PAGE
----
Slightly more interesting are the nasal diphthongs, as the less prominant component can be interpeted as a nasal glide (nasalized semivowel), which can become a nasal consonant (nasal stop). (I tried looking into the outcomes of the denasalization of Old Portuguese nasal vowels in Galician, but couldn't find much with specific details). For diphthongs ending in [ɪ̯̃], the corresponding nasal glide [ȷ̃] seems that it would clearly become /ɲ/; I have found several examples of languages with either [ȷ̃] as allophone of /ɲ/ or (in languages where most consonants have oral and nasal forms) with [ɲ] as a nasal counterpart of /j/. However, for [w̃], I found some alternations with /m/, and some with /ŋʷ/.
Most interesting though, was looking at what Quebec French does with the French nasal vowels /ɛ̃ œ̃ ɑ̃ ɔ̃/. First, there's a "clockwise" shift in the places of articulation, and diphthongization in /ɛ̃ ɔ̃/. Specifically, /ɛ̃/ raises and diphthongizes to [ẽɪ̯̃], /ɑ̃/ fronts to [ã] (or, according to one source, as far as [æ̃] in closed syllables), and /ɔ̃/ lowers and diphthongizes to [ɒ̃ʊ̯̃]. Most interesting, though, is what happens to /œ̃/. First, it is more centralized than oral /œ/, closer in place to non-elided /ə/, which is usually rounded (one source has Quebec /ə/ as [œ̈]). More notable, is that more than one work describes it as being "r-colored"; one describes it as [ɚ̃], another as [œ̃˞].
So, using these as a base, the most straightforward would be
/ɛ̃/ > [ẽɪ̯̃] > [eȷ̃] > /eɲ/
Similarly, I can have:
/ɔ̃/ > [ɒ̃ʊ̯̃] > [ɑw̃], with [w̃] becoming /m/ or /ŋʷ/; in the latter case, I'd expect merger with /ŋ/, but not before, pehaps, something like triggering rounding of a following unrounded vowel.
For /ɑ̃/, which remains monophthongal, the place for a following nasal consonant seems less clear. Based on the reading, /ɑ̃/ > [ã~æ̃] > /æŋ/ isn't implausible, but neither is [æ̃] > /æn/, or even just denasalization of [æ̃] > /æ/.
For all three of these vowels, a resulting coda nasal consonant would be subject to the usual nasal place assimilation to a following plosive or affricate.
I have not found details on how exactly the rhotic coloring of /œ̃/ is implemented, so a number of possibilities come to mind:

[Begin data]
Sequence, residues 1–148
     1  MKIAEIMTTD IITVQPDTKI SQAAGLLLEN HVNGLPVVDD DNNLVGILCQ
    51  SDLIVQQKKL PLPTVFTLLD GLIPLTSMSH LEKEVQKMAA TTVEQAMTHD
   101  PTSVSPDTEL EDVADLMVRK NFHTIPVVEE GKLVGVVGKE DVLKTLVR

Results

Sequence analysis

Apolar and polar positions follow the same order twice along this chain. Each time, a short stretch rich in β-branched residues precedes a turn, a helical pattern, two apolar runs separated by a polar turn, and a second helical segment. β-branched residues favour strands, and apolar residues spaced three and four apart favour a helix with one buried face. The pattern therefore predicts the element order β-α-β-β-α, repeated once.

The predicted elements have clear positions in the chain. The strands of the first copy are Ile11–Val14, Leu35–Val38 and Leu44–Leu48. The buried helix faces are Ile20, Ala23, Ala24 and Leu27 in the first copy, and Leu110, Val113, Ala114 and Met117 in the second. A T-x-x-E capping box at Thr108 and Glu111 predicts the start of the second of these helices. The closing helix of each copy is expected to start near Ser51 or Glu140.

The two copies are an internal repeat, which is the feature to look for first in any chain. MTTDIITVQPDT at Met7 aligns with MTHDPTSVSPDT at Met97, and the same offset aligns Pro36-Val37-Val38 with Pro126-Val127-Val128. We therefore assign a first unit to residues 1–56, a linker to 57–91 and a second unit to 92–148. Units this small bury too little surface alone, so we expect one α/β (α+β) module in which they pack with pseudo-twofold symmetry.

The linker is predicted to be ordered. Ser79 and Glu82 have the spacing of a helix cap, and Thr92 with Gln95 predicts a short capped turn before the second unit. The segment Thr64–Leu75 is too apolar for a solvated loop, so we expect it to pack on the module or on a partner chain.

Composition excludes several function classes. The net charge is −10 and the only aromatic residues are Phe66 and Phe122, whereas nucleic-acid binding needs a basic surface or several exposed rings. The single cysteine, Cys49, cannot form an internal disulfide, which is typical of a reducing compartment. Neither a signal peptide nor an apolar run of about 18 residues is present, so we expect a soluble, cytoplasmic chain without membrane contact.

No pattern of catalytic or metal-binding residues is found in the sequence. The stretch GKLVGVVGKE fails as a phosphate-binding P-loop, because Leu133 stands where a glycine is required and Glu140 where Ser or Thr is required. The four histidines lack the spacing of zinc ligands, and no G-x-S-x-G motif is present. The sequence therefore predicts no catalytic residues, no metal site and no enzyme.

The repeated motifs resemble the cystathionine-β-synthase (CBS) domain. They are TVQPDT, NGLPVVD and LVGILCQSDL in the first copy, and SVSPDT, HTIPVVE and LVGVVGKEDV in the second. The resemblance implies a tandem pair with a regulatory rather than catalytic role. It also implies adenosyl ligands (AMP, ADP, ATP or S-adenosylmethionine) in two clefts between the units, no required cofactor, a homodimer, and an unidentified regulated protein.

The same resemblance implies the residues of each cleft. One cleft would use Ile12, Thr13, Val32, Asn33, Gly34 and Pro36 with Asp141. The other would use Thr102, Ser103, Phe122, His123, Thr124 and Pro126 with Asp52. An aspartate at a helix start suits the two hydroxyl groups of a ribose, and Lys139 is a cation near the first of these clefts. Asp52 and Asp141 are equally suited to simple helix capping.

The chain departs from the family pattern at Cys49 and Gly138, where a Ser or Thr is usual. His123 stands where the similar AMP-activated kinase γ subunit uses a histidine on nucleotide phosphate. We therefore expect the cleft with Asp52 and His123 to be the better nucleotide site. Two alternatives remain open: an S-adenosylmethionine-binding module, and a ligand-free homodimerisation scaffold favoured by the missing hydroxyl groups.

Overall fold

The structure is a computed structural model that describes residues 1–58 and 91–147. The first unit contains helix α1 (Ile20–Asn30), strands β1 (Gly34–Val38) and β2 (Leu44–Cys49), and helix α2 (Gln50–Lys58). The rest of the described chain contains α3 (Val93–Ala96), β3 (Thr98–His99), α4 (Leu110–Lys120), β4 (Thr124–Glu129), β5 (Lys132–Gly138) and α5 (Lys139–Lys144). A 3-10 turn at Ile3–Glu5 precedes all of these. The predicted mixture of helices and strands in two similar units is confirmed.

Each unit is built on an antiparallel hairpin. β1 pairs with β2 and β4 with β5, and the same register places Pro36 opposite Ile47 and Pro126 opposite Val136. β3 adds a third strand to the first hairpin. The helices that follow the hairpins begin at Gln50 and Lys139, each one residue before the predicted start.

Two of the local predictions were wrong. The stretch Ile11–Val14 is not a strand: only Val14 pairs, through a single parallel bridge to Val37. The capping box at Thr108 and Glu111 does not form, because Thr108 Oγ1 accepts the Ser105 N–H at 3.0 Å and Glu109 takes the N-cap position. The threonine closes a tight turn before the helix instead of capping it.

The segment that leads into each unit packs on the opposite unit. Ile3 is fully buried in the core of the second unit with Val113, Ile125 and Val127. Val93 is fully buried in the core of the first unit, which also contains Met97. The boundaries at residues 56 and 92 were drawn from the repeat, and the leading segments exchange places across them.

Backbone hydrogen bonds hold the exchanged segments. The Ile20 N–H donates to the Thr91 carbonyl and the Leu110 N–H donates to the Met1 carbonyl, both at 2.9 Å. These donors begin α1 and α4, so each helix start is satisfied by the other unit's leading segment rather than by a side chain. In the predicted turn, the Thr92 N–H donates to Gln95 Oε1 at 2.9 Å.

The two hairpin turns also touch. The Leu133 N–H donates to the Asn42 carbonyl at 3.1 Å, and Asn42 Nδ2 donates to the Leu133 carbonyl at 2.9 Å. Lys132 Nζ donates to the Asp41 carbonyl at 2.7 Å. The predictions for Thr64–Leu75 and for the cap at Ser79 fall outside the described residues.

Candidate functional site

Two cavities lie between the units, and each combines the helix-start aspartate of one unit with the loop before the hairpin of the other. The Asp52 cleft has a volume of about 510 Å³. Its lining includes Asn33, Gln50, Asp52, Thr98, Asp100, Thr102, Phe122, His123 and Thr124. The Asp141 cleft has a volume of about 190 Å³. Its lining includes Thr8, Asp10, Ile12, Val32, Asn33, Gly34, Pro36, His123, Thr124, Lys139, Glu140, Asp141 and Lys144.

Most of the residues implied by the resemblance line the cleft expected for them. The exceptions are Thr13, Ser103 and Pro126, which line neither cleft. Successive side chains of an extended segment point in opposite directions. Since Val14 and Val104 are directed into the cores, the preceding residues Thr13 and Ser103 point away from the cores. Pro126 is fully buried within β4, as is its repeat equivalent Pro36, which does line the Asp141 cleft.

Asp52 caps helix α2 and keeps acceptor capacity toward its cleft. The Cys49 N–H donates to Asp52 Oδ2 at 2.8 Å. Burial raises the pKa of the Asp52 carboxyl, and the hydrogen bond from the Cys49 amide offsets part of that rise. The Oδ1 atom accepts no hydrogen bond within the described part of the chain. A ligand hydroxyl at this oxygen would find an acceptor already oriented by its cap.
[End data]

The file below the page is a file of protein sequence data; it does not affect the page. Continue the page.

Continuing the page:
- If the rhotic nature is via retroflection, we can have /œ̃/ > [ɚ̃] > [əɻ̃] > /əɳ/. The problem with this is that my language has no retroflex consonants at this stage; thus, wouldn't [ɳ] be unlikely, and if present, likely to become /n/?
- The rhotic consonant is a uvular, /ʁ/, so I can have /œ̃/ > [ɚ̃] > [əʁ̃]. But what, then, can I do with the resulting [ʁ̃]? Possibilities:
- I could have it simply become a uvular nasal /ɴ/. But /ʁ/ is the only other uvular consonant, so I don't expect it to be stable, and would likely just become /ŋ/ in short order, yes?
- It could simply denasalize, [ʁ̃] > /ʁ/, so that /œ̃/ > /əʁ/ (Rhoticity "winning" over nasality).
- A third option was by considering having [ʁ̃] become /ʁ/+nasal stop. The first problem would be the place of that nasal (see /ɑ̃/ above; [ŋ], [n], [ɴ] all seem plausible). Second though, would be before a non-semivowel consonant (or word-finally), as this would require the nasal to be in the syllable coda with /ʁ/, and as currently set up, the phonotactics don't allow liquid+nasal coda clusters (nor nasal+liquid onsets; the nasals and liquids are treated as too close in sonority). A possible resolution, would be that before at least a voiced plosive, the resulting nasal, homorganic to the plosive, replaces the plosive: /œ̃b œ̃d œ̃g/ > [əʁ̃b əʁ̃d əʁ̃g] > [əʁᵐb əʁⁿd əʁᵑg] > /əʁm əʁn əʁŋ/. (In all other positions where producing a nasal consonant would be "blocked" by phonotactics, I'd expect denasalization [ʁ̃] > /ʁ/.)
- I could ignore the r-coloring of /œ̃/, and go with diphthongization instead (as one source reports for allophonically long [œ̃ː]): /œ̃/ > [œ̃ʏ̯̃] > /əɥ̃/ or /œɥ̃/. /ɥ̃/ would, clearly, go to /ɲʷ/, which would then almost certainly merge with /ɲ/ (though possibly with the same rounding effect as with the /ŋʷ/ < [w̃] possibility above).